On July 11, the Financial Services Committee of the U.S. House of Representatives held a hearing entitled “Who’s Keeping Score? Holding Credit Bureaus Accountable and Repairing a Broken System.” The hearing involved a series of bills that would potentially reform the Fair Credit Reporting Act. The proposed bills, which were advanced on a party-line vote (all Democrats voting in favor), included:

  1. The Restricting Use of Credit Checks for Employment Decisions Act, which would ban the use of consumer report information for most employment decisions.
  2. The Free Credit Scores for Consumers Act of 2019, which would require consumer reporting agencies to disclose consumer credit scores annually upon request. Further, any CRA would be required to disclose to consumers their full file and credit score when that consumer obtains a fraud alert or security freeze, or has disputed information on the credit report.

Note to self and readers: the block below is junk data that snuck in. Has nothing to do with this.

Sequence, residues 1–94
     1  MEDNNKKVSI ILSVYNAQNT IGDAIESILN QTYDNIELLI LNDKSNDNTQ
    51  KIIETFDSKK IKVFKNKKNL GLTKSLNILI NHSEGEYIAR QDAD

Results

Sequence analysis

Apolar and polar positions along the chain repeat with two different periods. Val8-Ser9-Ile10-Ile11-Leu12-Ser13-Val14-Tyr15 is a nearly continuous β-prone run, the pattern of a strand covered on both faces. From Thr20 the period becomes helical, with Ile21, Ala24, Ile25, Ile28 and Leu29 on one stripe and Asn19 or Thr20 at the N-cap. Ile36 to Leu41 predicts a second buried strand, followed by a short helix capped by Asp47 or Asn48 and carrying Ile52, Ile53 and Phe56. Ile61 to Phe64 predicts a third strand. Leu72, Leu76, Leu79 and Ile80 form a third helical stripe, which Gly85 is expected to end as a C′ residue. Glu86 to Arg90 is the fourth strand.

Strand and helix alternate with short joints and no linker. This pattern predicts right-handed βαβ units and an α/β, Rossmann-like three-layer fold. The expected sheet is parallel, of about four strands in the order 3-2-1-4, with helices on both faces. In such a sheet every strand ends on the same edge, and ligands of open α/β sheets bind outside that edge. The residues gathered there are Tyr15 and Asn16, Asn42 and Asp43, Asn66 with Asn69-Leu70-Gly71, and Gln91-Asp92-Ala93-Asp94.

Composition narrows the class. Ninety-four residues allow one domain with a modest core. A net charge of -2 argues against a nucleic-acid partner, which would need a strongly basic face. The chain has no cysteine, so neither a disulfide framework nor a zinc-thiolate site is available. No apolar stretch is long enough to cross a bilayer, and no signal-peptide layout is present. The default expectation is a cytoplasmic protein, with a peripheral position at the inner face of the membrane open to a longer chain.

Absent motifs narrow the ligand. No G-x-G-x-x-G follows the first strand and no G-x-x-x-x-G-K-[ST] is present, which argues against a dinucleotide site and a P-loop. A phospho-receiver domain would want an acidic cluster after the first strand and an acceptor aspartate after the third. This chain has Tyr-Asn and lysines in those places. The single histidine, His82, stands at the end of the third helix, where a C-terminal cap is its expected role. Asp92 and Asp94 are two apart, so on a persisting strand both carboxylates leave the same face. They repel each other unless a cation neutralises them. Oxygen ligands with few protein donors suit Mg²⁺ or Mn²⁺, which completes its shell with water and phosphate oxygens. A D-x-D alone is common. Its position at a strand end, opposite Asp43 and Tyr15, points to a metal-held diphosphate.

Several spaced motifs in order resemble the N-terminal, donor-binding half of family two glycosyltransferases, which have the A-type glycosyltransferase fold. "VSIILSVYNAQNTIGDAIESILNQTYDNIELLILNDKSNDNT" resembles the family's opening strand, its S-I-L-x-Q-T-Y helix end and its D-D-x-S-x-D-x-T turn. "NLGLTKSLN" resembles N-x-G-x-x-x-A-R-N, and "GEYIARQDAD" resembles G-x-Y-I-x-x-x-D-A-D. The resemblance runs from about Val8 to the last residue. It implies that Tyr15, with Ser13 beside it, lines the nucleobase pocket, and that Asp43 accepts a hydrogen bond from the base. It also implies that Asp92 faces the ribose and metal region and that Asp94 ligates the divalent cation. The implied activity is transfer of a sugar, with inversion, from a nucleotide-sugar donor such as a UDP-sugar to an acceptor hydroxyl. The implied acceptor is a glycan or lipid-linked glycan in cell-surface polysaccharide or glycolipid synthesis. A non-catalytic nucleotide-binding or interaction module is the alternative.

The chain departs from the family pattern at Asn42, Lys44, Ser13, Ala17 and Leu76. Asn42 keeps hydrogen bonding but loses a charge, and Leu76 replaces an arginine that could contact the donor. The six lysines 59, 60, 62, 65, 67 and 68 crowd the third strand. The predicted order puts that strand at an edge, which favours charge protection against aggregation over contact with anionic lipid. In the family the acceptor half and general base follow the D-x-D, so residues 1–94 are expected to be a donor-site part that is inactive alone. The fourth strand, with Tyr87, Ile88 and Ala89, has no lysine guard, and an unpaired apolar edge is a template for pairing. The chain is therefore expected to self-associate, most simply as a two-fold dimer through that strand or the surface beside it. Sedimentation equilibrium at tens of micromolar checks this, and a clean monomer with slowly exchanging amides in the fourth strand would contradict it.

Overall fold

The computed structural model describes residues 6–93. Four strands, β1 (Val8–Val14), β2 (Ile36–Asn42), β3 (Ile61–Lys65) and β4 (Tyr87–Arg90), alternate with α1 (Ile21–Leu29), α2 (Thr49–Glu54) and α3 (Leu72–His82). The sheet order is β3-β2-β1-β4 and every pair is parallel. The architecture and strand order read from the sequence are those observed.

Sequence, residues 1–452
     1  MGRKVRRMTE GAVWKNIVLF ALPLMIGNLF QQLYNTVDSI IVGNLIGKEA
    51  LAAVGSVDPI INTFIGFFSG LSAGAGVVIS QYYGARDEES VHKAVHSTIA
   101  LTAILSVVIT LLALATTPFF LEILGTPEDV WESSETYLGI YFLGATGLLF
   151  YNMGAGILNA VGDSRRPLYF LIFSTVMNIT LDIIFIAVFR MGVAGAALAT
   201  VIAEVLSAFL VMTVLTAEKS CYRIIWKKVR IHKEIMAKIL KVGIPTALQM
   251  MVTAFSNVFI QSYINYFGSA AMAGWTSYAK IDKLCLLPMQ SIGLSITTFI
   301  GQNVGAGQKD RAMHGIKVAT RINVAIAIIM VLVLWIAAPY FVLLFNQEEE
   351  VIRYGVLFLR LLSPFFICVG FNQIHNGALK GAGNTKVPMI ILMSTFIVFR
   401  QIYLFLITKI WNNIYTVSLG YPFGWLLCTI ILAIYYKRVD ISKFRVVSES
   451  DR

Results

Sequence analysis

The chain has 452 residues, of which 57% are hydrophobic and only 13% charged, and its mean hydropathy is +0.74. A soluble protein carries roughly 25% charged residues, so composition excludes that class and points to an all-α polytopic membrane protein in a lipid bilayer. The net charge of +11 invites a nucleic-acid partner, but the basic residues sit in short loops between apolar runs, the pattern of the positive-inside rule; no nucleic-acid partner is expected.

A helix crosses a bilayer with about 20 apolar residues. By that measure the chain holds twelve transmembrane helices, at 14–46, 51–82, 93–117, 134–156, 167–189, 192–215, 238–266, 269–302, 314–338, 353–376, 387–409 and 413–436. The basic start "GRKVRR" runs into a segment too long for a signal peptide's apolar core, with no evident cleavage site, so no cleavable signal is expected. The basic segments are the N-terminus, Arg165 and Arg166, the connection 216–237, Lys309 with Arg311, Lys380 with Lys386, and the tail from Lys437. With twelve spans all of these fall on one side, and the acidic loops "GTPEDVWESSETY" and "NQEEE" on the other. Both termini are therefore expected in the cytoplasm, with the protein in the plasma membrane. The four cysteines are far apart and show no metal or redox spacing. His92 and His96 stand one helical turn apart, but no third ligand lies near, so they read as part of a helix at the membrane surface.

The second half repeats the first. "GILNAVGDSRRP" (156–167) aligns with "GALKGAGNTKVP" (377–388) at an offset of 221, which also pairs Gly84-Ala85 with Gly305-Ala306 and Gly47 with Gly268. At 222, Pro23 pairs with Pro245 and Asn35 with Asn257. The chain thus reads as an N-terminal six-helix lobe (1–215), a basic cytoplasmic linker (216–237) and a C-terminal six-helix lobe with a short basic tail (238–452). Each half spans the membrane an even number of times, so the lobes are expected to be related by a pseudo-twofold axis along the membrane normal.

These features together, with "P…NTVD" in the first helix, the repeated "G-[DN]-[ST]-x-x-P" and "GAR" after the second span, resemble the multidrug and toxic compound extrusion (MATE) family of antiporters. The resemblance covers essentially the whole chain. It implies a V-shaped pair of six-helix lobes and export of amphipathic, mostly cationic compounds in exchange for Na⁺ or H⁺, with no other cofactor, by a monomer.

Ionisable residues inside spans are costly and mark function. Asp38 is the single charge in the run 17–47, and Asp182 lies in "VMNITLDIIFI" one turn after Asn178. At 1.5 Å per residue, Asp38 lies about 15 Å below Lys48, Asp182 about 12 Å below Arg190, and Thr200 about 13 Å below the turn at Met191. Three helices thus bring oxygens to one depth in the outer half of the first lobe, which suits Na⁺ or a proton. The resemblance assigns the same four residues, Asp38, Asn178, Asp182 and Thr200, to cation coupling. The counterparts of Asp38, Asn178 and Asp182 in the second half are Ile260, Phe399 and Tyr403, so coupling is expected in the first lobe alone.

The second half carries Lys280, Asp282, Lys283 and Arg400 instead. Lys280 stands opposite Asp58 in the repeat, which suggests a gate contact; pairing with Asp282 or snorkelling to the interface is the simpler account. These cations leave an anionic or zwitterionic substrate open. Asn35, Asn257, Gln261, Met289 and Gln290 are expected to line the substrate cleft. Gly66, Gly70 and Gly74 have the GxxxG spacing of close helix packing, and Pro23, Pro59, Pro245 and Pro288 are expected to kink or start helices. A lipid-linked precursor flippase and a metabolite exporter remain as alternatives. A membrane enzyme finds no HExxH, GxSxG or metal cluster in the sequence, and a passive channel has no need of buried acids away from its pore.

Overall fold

3. The Restoring Unfairly Impaired Credit and Protecting Consumers Act, which would require CRAs to remove adverse information from consumer reports after four years – rather than the current seven.
  4. The Improving Credit Reporting for All Consumers Act, which includes providing consumers the right to appeal disputes.

The bills will now be considered by the full U.S. House of Representatives, then the Senate, where success is unlikely.

Troutman Sanders will continue to monitor these developments and provide updates as they are available.